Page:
The US Postal Service, Washington, yesterday proposed a new rule on the addressing requirements for individuals or small mail-order companies who want to receive their mail at commercial mail receiving agencies such as Mail Boxes Etc.
The USPS is allowing mail sent to these CMRAs to include either a PMB designation or the pound sign on the second line of the mailing address to signify it as a CMRA mailbox, rather than an apartment or suite number.
In October, the USPS announced these modifications to the original set of rules, which were announced last March and required CMRAs to include the PMB designation-without the choice of using the pound sign.
According to the USPS, the designation would both provide CMRA mailbox holders' correspondents with the true identity of the mailing address of the mailbox holder — ensuring that the public would be aware that the address is not a physical location and thereby discourage fraudulent or deceptive practices that might adversely affect senior citizens and other consumers, businesses, and even federal, state, and local governments.
However, after several meetings between the USPS and groups representing the CMRA industry — including small businesses, small and home office operators, and government organizations — the USPS leaned that the use of the “PMB'' designation would have a negative effect on the businesses of CMRA mailbox holders.
These groups asserted that some consumers might be discouraged from doing business with CMRA mailbox holders due to perceptions that those businesses are somehow “unsavory.''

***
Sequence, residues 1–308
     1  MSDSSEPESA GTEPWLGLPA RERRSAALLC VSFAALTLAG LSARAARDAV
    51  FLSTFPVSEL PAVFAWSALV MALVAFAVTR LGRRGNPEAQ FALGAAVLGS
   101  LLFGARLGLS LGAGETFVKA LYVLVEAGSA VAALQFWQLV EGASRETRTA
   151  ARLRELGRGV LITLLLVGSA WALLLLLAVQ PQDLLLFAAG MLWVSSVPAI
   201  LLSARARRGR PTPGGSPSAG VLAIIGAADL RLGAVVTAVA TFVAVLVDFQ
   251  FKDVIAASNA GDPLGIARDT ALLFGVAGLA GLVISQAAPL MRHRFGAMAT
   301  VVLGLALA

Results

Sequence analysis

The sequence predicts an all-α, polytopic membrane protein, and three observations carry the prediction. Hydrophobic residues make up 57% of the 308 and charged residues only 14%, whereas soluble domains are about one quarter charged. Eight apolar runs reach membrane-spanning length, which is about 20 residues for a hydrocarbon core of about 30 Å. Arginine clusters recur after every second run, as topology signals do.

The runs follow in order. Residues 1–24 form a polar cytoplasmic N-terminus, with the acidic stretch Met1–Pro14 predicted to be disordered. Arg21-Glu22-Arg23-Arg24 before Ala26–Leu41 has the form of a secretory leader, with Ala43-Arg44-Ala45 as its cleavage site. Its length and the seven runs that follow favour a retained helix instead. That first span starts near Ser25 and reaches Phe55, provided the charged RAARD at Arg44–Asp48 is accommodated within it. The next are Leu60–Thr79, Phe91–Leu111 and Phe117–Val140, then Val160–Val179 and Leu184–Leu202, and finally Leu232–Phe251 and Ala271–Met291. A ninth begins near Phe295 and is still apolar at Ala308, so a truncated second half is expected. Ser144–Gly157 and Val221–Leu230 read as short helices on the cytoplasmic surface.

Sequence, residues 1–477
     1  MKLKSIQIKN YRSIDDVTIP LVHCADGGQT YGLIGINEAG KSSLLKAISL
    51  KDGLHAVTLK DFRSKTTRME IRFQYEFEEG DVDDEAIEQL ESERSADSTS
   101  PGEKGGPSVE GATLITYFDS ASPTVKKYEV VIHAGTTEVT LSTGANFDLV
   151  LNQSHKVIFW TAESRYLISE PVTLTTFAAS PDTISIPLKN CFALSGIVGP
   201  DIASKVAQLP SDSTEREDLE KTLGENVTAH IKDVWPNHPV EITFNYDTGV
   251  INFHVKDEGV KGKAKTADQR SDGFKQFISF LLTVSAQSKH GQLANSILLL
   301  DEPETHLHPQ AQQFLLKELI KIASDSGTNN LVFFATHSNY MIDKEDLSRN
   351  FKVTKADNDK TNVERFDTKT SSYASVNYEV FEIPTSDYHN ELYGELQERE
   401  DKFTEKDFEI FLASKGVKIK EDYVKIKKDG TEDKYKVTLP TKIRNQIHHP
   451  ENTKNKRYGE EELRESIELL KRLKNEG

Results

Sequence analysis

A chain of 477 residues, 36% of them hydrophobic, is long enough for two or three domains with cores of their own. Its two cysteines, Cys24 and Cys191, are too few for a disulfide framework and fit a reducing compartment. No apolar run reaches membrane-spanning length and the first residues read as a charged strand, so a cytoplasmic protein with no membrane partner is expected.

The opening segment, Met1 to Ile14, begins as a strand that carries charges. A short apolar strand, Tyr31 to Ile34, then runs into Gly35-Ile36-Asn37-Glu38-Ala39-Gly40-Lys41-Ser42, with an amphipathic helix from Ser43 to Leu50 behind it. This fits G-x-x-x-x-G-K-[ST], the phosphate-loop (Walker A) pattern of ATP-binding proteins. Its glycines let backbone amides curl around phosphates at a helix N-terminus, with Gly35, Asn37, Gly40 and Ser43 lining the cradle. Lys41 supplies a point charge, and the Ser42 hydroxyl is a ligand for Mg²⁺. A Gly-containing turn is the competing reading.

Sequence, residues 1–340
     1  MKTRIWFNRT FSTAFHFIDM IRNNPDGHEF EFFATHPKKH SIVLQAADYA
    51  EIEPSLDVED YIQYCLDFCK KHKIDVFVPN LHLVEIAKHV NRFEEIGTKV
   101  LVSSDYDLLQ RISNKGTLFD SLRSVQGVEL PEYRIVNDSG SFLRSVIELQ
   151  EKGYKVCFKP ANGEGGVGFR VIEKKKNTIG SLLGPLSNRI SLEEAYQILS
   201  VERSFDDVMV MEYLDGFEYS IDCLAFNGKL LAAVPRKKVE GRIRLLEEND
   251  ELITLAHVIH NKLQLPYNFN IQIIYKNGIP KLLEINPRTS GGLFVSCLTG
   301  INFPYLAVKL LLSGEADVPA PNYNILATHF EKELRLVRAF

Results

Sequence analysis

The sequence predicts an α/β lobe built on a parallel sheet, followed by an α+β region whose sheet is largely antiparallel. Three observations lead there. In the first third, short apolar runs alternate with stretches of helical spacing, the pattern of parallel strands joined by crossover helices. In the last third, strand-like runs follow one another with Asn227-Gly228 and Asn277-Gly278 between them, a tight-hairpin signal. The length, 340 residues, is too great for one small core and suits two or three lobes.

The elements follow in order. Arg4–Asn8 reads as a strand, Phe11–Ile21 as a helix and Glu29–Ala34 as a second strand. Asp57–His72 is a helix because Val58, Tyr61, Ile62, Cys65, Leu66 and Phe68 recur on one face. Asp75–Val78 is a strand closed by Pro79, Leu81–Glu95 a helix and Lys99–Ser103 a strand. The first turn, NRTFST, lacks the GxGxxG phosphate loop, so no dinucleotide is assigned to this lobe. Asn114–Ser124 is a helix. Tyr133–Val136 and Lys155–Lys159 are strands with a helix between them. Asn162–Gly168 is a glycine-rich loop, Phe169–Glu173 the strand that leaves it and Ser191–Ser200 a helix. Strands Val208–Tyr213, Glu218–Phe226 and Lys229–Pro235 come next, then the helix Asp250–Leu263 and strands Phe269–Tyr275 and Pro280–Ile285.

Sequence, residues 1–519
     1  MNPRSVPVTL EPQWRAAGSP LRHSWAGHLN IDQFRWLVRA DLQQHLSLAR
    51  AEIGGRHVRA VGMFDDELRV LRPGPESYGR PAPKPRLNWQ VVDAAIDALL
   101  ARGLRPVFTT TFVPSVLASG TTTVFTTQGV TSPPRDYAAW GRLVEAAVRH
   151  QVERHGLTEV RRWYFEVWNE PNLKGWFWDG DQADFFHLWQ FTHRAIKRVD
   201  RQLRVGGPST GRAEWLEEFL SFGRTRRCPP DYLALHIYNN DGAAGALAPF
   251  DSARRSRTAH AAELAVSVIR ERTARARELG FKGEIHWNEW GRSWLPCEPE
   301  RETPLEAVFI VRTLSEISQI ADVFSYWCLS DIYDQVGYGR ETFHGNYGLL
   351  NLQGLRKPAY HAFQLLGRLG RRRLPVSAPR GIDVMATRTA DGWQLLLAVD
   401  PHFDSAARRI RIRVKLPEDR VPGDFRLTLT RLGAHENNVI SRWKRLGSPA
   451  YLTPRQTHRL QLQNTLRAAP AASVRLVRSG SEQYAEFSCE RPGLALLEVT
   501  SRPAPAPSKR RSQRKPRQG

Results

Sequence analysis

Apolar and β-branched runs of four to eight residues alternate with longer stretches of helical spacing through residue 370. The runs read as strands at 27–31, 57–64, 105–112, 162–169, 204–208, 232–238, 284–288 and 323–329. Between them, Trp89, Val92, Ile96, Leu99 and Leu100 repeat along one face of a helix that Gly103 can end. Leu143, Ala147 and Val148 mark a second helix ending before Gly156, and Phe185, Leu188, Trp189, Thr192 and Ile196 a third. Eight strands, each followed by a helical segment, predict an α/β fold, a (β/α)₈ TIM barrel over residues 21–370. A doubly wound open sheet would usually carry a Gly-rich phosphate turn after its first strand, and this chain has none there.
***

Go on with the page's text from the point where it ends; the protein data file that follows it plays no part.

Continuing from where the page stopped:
The USPS backed off on the proposal after hundreds of box renters protested that the address change would cost them a fortune in lost sales and new stationery. There also was no way to inform all potential correspondents of the new requirements, the USPS said.
. In its ruling, the USPS said the agency “believes that the rule adopted on (last March) best serves the consumer protection needs of the American public, it nevertheless wishes to balance this goal with the concerns of the small business community. The Postal Service believes that the proposal outlined herein balances these interests.”
The USPS’ current rule is listed in the Federal Register and open for public comment until April 12.
In January, the USPS also modified privacy rules surrounding private mailboxes at commercial mail receiving agencies.
The original rules require individuals that want to receive their mail at CMRAs, to fill out forms with significant personal information — such as photo identification and verification that they either live or conduct business at the address given — at the time of the rental.
While the USPS said the rules were designed to prevent mail fraud, the provision set off privacy alarms. By law, anyone could request the information on the forms from the local post office. Hundreds of box renters and rental stores complained that the new regulations imposed undue expenses on honest small-business operators.
The modified rules — which were filed as a final rule in the Federal Register — include a new set of guidelines and allow for the release of information only to law enforcement officers.
In that notice, the USPS said it was modifying the rule “in response to concerns for the safety of battered individuals, their children, stalking victims and other persons who consider themselves at risk of harm if their physical location is not kept private [and] to provide a greater degree of privacy and security to the growing number of small business owners who operate out of the home.”
It does require mailbox renters to continue providing the renting agency with photo identification, such as a driver's license, passport, government or “recognized” corporate identification card, and verification that they either live or conduct business at the address given at the time of the rental.